Music Monday | Rick Rubin

Howdy!

Last week in the series, I talked about Dr. Dre, who I have pretty known my whole life (music wise) because of my mother and the amount of old school rap that was played on our cassette player located in my parent’s room! However, for this week I will be discussing my admiration for Rick Rubin.

Rick Rubin is a very special person for me, because by the time I started listening to Linkin Park in 2009, he had just finished working with him on their album “Minutes To Midnight” (2008). This was my first memory of him working with anybody that I enjoyed at the time. So, while I was getting myself deeper and deeper into the world of Linkin Park, I was learning what could (at my own pace) of this interesting music producer. I call him “interesting” because although most producers want to work with a large variety of acts, they usually tend to stick to one genre and stay there for the rest of their lives. Rick Rubin has had most of his success in heavy metal, hard rock and rap music.

The two most popular acts I learned in the first two years was Jay-Z and the Beastie Boys. He has worked with many, many other bands over the years, but these were the two that sort of explain the reason why he helped Linkin Park in the past.

The album I associate Rick helping produce the most is “The Black Album” that was released in 2003. This was supposed to be the final album for the rapper before he retired from the music scene, but considering a year later he and Linkin Park came together like Run-DMC and Aerosmith did in the late 1980’s with “Walk This Way”. Although I don’t think they released an album like Jay-Z and LP did; technically they did an album and put on a concert and would later crash each other’s tours to perform “Numb/Encore” every once in a while. When Chester Bennington died in 2017, Jay-Z was out on tour with his wife Beyoncé, and he performed the hit but instead of doing Chester’s parts, the audience sang every word. It was very beautiful and a great gesture to Chester, his family and the rest of the band too!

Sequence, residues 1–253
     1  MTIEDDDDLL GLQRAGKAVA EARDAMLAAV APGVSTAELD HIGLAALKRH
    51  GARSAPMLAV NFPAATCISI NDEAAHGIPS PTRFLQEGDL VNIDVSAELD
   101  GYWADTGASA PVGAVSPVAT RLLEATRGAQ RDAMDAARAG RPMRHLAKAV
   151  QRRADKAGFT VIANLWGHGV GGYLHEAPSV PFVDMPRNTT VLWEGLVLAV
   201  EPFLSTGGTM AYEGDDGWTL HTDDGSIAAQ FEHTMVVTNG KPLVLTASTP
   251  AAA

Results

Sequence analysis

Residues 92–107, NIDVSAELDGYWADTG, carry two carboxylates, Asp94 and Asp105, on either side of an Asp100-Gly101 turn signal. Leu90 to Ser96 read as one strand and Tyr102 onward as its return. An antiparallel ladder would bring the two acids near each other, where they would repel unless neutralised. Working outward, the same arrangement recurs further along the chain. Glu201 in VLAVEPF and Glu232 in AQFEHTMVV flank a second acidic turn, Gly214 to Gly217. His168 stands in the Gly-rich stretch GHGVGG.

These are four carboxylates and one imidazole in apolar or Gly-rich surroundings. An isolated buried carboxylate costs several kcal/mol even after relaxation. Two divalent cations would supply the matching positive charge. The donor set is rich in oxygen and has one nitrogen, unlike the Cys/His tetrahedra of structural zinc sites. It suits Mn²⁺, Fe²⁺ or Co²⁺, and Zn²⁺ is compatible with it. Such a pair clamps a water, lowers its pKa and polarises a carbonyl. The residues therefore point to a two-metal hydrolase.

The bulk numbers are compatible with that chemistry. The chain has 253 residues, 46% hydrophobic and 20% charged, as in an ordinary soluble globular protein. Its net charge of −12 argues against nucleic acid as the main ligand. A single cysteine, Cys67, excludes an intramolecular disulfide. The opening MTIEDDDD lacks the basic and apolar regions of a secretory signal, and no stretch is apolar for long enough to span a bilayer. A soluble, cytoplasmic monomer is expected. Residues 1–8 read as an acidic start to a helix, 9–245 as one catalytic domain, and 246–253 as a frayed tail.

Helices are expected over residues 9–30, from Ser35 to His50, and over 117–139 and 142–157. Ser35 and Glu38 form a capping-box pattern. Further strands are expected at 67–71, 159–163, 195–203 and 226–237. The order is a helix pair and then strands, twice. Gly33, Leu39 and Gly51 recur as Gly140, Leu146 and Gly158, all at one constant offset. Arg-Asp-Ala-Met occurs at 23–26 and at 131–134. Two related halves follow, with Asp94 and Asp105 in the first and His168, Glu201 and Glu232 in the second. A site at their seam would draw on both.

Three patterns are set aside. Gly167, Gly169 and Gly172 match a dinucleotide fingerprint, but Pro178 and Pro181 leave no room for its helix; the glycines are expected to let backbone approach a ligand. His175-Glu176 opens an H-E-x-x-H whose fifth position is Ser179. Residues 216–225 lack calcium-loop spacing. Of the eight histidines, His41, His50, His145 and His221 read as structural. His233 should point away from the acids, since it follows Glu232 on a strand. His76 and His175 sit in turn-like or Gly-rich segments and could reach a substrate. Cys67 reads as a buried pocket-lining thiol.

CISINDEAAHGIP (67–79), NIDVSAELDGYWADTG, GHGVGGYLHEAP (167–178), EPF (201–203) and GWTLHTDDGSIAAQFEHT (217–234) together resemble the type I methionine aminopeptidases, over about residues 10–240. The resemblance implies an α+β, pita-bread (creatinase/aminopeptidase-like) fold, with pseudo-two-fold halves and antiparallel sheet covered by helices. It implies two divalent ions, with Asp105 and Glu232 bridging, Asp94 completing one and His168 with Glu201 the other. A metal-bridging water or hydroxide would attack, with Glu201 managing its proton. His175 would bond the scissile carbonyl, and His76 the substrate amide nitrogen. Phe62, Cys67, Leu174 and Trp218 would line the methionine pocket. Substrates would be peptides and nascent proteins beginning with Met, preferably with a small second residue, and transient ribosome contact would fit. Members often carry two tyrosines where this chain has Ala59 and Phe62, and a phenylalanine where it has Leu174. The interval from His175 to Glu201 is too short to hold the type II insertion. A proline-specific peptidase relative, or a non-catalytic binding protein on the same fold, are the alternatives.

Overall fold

Rick Rubin was the reason for this match to come together in the early 2000’s, because he had just finished working with Jay-Z and was close to LP too, as Rick is known to experiment in the nu metal scene in that time frame. The reason why it was so huge for these two acts to do this was because not many people went outside their comfort zones in the music world, you stayed in your genre for most of your career. At least, that’s my take on the scene and I was very much part of it since I really didn’t like to go outside of my bubble gum pop world although there were was a time were I enjoyed rap music, but you can tell I didn’t listen to a lot of rap between the year 1999 to 2002, because I was busy enjoying Britney Spears and Backstreet Boys too much to really pay attention!

Nowadays, it’s really accepted to like a wide variety of music and not to mention foreign languages that come with these new changes too! Radio is still a big way to introduce new music to a larger audience to the world, but it’s also important to realize that record producers to go through this switch too! They will always stay within their comfort zone, which I think for Mr. Rubin, it is heavy metal, but from time to time he will find something different to sink his teeth into and it might shock a few people that follow his journey just as much as the other musicians too.

So, if you are a lover of Rick Rubin’s work, who is your favorite act(s)? And do you have a favorite era of time too?

snowflake

 

 

2 thoughts on “Music Monday | Rick Rubin

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